What Is Beef Marbling?

Marbling in beef refers to the visible white streaks of intramuscular fat that run throughout the muscle tissue in any particular cut. Highly marbled steaks and others cuts of beef are highly sought after, as the intramuscular fat liquifies during the cooking process and provides a kind of self-marinating effect. As the marbling melts, it infuses the beef with a savory richness and velvety texture. Each bite of a well-marbled steak delivers extraordinary juiciness and robust flavor beyond compare.

Certain breeds of cattle naturally produce more intensely marbled beef, such as Japanese wagyu.

Intermuscular vs Intramuscular Fat

Let’s talk about fat. There are two kinds of fat in cattle: intermuscular and intramuscular.

  • Intermuscular fat refers to those solid white chunks or strips of fat between the muscles. This is the fat you or your butcher trim off before cooking or eating because it doesn’t contribute to an elevated dining experience. If you’ve ever tried to eat cooked intermuscular fat, you understand why it’s the origin of the phrase “chew the fat.” It’s rubbery and, other than the charred exterior, can be unpleasant to eat.

  • Intramuscular fat, on the other hand, occurs inside the muscle tissue. It’s those flecks and streaks of white you see scattered among the red parts of the meat. When we say marbling, this is what we’re talking about. The name comes from its resemblance to swirled color patterns on marble and other kinds of stone. We’ll get to more on how it affects flavor in a moment.


The Japanese use an international grading system called BMS, or Beef Marbling Score. This system assigns a number between 1 and 12 to reflect a cut of meat’s overall level of intramuscular fat. Beef Marble Score helps compare beef across international grading scales that may differ from USDA guidelines and cause confusion.

USDA Prime grade maxes out at a BMS of 5, whereas luxurious Japanese Wagyu beef can score as high as 12.

SRF Beef Grading

↑ Marbling score chart depicting the different levels of intramuscular fat.


What makes Japanese cattle (wagyu) special is that these breeds naturally produce higher densities of intramuscular fat marbling, creating much richer flavor compared to regular beef. Some specific breeds of wagyu, such as Kobe, are famously known to be fed and raised in a manner to further encourage even more fat marbling as the cattle grows from a young age.

The fat marbling seen in cuts of wagyu steaks ultimately comes down to genetics, and the ability of a skilled and experienced rancher who can safeguard the lineage and properly care for the cattle during raising. Diet and stress levels of the animals, as well as other cattle rearing practices, can all play a part in the resulting marble score.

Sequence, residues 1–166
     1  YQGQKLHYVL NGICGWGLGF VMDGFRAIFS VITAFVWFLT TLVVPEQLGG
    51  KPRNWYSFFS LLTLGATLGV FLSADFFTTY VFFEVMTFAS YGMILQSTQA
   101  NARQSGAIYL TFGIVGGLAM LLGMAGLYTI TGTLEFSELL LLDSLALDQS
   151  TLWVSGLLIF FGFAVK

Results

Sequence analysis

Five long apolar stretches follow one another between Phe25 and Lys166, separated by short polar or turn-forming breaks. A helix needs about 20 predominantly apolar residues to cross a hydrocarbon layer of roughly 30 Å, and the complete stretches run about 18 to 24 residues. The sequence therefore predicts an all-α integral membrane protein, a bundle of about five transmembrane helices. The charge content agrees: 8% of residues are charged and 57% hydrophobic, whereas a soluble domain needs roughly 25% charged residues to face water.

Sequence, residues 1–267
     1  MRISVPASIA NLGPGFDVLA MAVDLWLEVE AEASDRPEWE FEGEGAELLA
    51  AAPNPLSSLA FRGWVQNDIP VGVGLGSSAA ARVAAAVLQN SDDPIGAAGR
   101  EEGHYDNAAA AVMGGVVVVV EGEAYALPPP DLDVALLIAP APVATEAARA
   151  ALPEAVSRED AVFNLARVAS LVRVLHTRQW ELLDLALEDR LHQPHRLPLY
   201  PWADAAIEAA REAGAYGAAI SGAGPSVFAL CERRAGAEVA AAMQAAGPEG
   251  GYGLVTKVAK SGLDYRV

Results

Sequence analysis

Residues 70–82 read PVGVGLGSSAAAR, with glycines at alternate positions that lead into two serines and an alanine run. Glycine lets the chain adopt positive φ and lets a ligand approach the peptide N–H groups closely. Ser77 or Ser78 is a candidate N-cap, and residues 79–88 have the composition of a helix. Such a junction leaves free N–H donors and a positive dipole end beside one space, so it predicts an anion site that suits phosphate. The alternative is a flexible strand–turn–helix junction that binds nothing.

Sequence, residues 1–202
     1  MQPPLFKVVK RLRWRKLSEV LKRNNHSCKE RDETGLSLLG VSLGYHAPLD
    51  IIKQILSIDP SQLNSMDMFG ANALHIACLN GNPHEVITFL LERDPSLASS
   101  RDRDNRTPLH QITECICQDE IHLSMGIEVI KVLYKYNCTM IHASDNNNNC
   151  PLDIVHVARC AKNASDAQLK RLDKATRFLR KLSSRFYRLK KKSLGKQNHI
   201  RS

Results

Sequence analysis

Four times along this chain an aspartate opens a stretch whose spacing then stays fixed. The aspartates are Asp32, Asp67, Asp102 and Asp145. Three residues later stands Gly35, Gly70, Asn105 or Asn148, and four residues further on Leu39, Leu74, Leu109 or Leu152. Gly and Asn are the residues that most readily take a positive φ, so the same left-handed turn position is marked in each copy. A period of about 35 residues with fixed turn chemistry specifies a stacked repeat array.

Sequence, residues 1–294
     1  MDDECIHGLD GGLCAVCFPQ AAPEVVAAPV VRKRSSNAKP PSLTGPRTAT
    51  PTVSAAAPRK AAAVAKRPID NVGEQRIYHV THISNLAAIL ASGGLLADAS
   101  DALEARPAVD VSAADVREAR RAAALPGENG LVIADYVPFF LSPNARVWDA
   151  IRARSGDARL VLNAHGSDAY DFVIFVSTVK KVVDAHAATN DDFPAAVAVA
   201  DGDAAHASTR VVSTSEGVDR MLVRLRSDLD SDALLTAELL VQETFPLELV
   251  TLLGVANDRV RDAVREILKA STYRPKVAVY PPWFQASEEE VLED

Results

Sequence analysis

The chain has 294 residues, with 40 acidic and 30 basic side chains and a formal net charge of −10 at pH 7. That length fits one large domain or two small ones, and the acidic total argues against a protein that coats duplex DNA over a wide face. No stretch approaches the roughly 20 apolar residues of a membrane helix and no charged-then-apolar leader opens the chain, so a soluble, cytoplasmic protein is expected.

The fat content of wagyu beef is primarily made up of monounsaturated fat, which is considered a healthy type of fat rich in vitamins and beneficial fatty acids, and does not contribute to an increase in cholesterol. This is different from unhealthy types of fat, such as trans fats found in fried foods or margarine. 

While wagyu fat is perfectly healthy, some do find it difficult to finish a cut of wagyu steak if served in a typical Western sized portion (i.e. 6 oz). The very high levels of fat marbling seen in wagyu beef creates a richness that leaves some too full to finish the entire meal. This is why Japanese wagyu is often served in thinly sliced, smaller portions.

One solution to this issue is American Wagyu beef, a cross between Japanese wagyu and North American cattle. The result is the best of both worlds, experiencing the richness of wagyu marbling while being able to fully enjoy the classic preparation of a cowboy ribeye, filet mignon, or even a low and slow cooked brisket.


All Snake River Farms American Wagyu beef grades above USDA Prime. One of the marvelous qualities of Wagyu cattle is that they naturally produce more marbling than other breeds. Part of that marbling comes from the carefully controlled diet we feed our cattle, including local grass and other grains. But part of it is simply a genetic trait — which is why our founder gambled on importing Japanese Wagyu in the 1980s and crossbreeding them with domestic cattle.

Because our American Wagyu beef surpasses most other domestic beef in marbling, we developed four categories for our products by synthesizing the USDA and Japanese systems:

  • USDA Choice – BMS of 2 to 3, great flavor and tenderness, above average steaks
  • USDA Prime – BMS of 4 to 5, includes only about 5% of all domestic beef
  • SRF Black Label™ – American Wagyu beef with a BMS of 6 to 8, superior to USDA Prime
  • SRF Gold Label™ – American Wagyu beef with a BMS of 9+ that delivers a rich flavor and buttery texture